MELBOURNE, AUSTRALIA - DECEMBER 27: Michael Hussey of Australia hits the ball during day two of the Second Test match between Australia and Sri Lanka at Melbourne Cricket Ground on December 27, 2012 in Melbourne, Australia. (Photo by Michael Dodge/Getty Images)

BRISBANE, Australia – With Michael Hussey announcing his intention to quit international cricket just weeks after ex-captain Ricky Ponting retired, Australia's attention has turned quickly to who will fill the two big voids in the batting order for 2013 series in India and England.

The 37-year-old Hussey, seemingly at the peak of his powers, made the surprise announcement on the weekend as Australia prepared for the third test in a series it has already secured against Sri Lanka by winning the first two matches.

The traditional New Year's test at Sydney starting Jan. 3 will be Hussey's 79th and last, following Ponting, Australia's all-time leading run-scorer, into retirement.

Phil Hughes, a 24-year-old top-order batsman who has been in and out of the national lineup since scoring hundreds in both innings of his second test against South Africa in 2009, has been earmarked to continue batting at No. 3 after replacing Ponting for the Sri Lanka series, with Pakistan-born Usman Khawaja likely to move into the test squad as a contender to bat at No. 5 or No. 6 after being on standby for skipper Michael Clarke in recent tests.

Hussey nominated his brother, 35-year-old David Hussey, among the contenders to bat for Australia in India and in the Ashes.

“I'm not worried about the team whatsoever,” Hussey said Sunday. “We've got some fantastic candidates to come in - probably too many to name. Maybe David Hussey could get a run - one Hussey out, one Hussey in.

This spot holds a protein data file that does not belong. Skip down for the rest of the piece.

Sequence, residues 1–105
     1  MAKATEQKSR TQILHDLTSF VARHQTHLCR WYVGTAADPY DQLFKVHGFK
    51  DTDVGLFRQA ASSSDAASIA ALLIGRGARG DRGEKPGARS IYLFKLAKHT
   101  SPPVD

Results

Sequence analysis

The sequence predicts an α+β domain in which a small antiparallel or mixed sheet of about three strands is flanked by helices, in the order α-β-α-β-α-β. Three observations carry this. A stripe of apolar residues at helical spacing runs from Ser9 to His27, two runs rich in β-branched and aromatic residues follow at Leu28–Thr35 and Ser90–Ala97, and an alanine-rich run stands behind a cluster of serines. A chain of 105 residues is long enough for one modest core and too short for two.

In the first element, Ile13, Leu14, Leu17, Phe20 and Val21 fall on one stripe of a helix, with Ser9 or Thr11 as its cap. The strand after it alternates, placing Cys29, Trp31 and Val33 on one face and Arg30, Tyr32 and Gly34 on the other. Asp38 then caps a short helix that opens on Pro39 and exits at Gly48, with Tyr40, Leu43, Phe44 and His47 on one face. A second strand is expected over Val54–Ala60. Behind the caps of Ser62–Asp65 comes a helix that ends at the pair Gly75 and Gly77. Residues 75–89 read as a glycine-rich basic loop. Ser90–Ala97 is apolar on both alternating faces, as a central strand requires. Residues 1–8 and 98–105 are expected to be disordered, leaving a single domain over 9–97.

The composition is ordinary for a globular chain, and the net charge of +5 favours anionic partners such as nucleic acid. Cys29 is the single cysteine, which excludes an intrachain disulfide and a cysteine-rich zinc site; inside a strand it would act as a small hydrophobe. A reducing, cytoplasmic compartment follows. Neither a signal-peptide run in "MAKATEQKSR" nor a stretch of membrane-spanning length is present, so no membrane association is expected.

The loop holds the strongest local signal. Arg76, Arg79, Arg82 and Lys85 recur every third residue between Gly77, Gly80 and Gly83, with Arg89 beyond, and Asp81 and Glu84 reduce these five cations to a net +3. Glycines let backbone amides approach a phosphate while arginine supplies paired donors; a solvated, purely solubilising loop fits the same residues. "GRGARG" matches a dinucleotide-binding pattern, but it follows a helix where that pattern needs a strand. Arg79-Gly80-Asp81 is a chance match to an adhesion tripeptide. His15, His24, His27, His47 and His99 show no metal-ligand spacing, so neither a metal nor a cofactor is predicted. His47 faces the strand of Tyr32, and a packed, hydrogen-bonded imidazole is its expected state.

“History has shown players have come and gone. But the game continues to move forward, and it'll be no different with me.”

Michael Hussey didn't make his test debut until he was 30 but has been a valuable contributor to the team, accumulating enough runs to be 12th on Australia's all-time list of run-scorers. His supreme fitness has helped him forge a strong middle-order combination with Clarke across the last year, the pair frequently combining after failures from the top order.

Now it'll be left to Clarke, who has excelled as a batsman and captain since replacing Ponting in 2011, to work with an inexperienced lineup as Australia faces the challenge of touring India in February and March and then faces England away and at home in back-to-back Ashes series.

Glenn Maxwell, a young off-spinning allrounder from Victoria state who has been drafted into the 13-man squad for the Sydney test, discarded Rob Quiney and Tasmania's Alex Doolan are all being touted as possible test batsmen of the future.

Mitchell Starc, a tall, left-arm fast bowler who is just establishing his credentials in the test arena, said he was surprised at the sudden nature of Hussey's retirement.

“He's still in great form with the bat, as we've seen through this summer so far,” Starc told Australian Associated Press on Sunday from Sydney. “He's going out the way he wants by the sound of things and it's going to leave a big hole.

“It's hard to replace Ricky Ponting - now we've got to replace him and Mike Hussey, so it's a big gap.”

Hussey has scored 19 centuries in 78 tests and averages 51.52. His recent form has been strong and he's averaging 180.00 after two tests in the current series against Sri Lanka with scores of 115

not out, 31 not out and 34 in Hobart and Melbourne.

Hussey, nicknamed “Mr. Cricket” because of his career-long dedication to the game, said that with four children under eight, it was time to spend more time at home.

Hussey is Australia's 12th-leading run-scorer with 6,183 runs at 51.52.

His retirement follows the test departure last month of ex-skipper Ricky Ponting, Australia's all-time leading run-scorer.

Cricket Australia said later in a statement that Hussey will play out the remainder of the 2012-13 Australian summer season, as well as be available for Western Australia state.

“Michael Hussey has been a vital contributor to many Australian team wins over his very successful test cricket career,” Cricket Australia chief executive James Sutherland said. “He has always been thoroughly committed to meticulous preparation and the highest levels of physical fitness which have in turn delivered consistent performances in all forms of the game.” – Sapa-AP